Technical Training Sponsorship Opportunity & Technical Training Instructor Request for QuotesRead More
Last week the Land Conservation and Development Commission (LCDC) heard public comment on proposed rules that would ban large solar projects from class 1 and 2 soils (essentially, the Willamette Valley) and place serious restrictions on class 3 and 4 soils.Read More
Read OSEIA's written comments regarding proposed rulemaking by the LCDC regarding the size of solar and power generation facilities on farmland.Read More
Once again we would like to thank all of you for your support of our efforts in the RVOS docket, particularly those providing necessary funding that made our response possible! This docket is critical to all residential, commercial, and community solar systems in OR and it will very likely have an impact on small utility projects in the future. The outcome of this docket will impact our efforts to increase net metering level in 2019 so it will have a near term impact even if it’s not used directly in a program.Read More
Slowly but surely, the implementation process continues for the community solar program. Though program ruleswere officially adoptedone year ago, there remained critical details to be determined during this implementation phase prior to an actual program launch. The most significant update at this point in the process is the PUC’s establishment of an interim credit rate for an interim amount of capacity (Order 18 177) during an April 24, 2018 hearing. However, we’re now on the cusp of a Program Administrator (PA) being selected, which, in parallel to continued stakeholder engagement, should accelerate the implementation process beginning at the end of Summer or early Fall of this year and hopefully result in a program launch by the end of the year or Q1 or Q2 of 2019. The following summary provides more insight into what’s been decided thus far, what we’re waiting on, and opportunities for engagement.
The biggest and most recent update for the program…Read More
OSEIA submitted comments to the SB 978 PUC process that highlight three core areas that OSEIA recommends the PUC and state legislature should address with policies and regulations:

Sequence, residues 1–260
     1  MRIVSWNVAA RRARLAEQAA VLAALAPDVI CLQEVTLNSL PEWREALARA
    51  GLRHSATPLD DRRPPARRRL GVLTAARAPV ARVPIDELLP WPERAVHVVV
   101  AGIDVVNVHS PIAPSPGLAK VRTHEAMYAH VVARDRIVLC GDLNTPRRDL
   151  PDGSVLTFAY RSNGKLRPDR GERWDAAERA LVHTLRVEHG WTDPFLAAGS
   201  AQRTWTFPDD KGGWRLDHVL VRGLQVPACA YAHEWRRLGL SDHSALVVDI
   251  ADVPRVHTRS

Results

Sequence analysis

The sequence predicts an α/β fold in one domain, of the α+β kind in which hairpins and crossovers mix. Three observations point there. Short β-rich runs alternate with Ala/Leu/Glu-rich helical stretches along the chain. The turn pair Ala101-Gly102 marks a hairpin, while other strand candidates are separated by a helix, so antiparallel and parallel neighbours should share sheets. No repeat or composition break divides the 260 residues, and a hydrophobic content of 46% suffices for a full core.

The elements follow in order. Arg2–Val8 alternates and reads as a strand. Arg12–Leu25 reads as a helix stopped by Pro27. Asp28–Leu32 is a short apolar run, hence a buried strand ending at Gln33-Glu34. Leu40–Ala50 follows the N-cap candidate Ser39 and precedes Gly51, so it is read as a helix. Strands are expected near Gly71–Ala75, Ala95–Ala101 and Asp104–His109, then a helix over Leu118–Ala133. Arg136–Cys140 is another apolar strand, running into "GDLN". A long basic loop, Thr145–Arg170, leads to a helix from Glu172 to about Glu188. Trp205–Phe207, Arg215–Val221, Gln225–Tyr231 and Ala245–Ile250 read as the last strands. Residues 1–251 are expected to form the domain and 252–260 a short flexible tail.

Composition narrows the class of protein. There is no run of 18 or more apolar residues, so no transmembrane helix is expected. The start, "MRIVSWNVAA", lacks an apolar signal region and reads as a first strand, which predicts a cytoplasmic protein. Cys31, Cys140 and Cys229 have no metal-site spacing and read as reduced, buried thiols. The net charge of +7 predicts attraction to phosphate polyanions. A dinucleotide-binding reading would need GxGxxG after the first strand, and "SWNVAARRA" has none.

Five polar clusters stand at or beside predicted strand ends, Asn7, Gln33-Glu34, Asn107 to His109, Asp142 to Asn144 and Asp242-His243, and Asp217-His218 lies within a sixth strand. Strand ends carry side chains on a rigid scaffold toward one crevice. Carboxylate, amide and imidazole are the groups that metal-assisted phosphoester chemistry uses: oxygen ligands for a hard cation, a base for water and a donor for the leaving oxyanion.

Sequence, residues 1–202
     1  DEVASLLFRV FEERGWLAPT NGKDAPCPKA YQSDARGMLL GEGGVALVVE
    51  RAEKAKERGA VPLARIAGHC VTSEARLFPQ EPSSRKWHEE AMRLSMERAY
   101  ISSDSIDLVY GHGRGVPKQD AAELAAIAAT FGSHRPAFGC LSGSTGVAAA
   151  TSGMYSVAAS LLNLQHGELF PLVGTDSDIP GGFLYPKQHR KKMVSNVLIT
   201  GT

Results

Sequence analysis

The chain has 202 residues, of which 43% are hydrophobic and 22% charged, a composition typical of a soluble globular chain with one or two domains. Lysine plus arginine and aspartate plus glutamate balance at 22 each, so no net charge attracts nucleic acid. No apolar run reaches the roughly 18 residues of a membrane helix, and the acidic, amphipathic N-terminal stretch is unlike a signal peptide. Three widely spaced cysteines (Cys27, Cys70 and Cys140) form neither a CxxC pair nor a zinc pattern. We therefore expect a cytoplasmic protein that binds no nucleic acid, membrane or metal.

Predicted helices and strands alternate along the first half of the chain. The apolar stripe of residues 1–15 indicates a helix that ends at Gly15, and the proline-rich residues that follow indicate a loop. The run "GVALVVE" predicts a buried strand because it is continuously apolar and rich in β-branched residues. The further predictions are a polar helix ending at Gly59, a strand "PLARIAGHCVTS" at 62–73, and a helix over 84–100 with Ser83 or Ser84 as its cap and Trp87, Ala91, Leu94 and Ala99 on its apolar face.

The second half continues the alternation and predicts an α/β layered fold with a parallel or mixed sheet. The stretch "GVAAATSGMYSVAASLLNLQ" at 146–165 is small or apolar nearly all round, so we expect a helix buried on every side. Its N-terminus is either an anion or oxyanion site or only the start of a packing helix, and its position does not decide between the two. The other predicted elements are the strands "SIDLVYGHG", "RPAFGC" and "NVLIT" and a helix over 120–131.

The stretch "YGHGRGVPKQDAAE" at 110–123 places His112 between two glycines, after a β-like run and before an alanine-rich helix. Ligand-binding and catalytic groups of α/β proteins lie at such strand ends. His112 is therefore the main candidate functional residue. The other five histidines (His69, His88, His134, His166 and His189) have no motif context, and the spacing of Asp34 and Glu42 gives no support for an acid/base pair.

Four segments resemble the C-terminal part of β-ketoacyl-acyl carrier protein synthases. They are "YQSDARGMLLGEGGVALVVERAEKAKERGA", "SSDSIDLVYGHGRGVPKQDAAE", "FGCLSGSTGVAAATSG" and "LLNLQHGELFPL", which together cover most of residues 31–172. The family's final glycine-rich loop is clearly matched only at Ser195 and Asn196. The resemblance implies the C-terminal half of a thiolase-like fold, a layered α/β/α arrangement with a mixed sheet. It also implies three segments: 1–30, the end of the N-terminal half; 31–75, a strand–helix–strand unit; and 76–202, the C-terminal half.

Oregonians should be able to freely choose who they get their power from and to produce their own as well.
Oregon should prioritize local distributed renewables over out of state renewables
Oregon should adopt policies and regulations that increase both grid and community resilience
SALEM — The Oregon Department of Energy announced today 18 recipients of $2 million in Renewable Energy Development Grant funds. The RED Grant program, which was awarded a national State Leadership in Clean Energy award from the Clean Energy States Alliance in May, supports Oregon businesses, nonprofits, and organizations investing in renewable energy systems that use biomass, solar, geothermal, hydroelectric, wind, landfill gas, biogas, wave, tidal, or ocean energy to produce electricity.Read More
The Board of Renewable Northwest (RNW) today announced that Nicole Hughes will be its new executive director. Renewable Northwest is the region’s leading renewable energy advocacy organization. Hughes brings more than 15 years of experience in all aspects of renewable energy development including project management, financing, and strategic policy to the helm of Renewable NW. She succeeds long-time executive director, Rachel Shimshak, who late last year announced plans to leave the organization by this July.Read More
By Tamara Staton, Thriving Solar - Clearly, in a market like ours wrought with uncertainty and fluctuation, there are multiple opportunities to communicate with legislators and do our best to influence solar legislation. For many business owners and solar players, this seems like a no-brainer, and the idea of calling legislators and asking others to do the same is akin to brushing their teeth twice a day. But for others, such a task may seem like a bigger undertaking, full of processes that seem foreign, awkward or futile, and wrought with the underlying question of how much to mix politics and business.
The intention of this article is not so much to advocate for the role of business in politics, but rather to highlight the value of advocacy not only for the industry as a whole, but for our individuals businesses and organizations within the spaceRead More
We now have the official bill number for the Home WRAP residential solar incentive we are advocating for in the 2018 short session.Read More
As we continue to ride the tumultuous solar coaster, many industry professionals naturally wonder what lurks around the corner in this ever-changing solar market. While we can't predict the future, there are things that we can do as business owners,Read More
Due to the recent very low Resource Value of Solar (RVOS) values filed by all three Investor owned utilitiesRead More